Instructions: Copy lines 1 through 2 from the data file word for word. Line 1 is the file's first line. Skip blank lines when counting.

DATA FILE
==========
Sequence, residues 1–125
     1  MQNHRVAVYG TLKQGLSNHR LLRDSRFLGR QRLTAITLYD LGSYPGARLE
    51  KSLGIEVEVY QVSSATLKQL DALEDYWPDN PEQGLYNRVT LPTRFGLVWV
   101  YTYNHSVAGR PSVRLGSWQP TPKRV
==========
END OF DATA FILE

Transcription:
Sequence, residues 1–125
     1  MQNHRVAVYG TLKQGLSNHR LLRDSRFLGR QRLTAITLYD LGSYPGARLE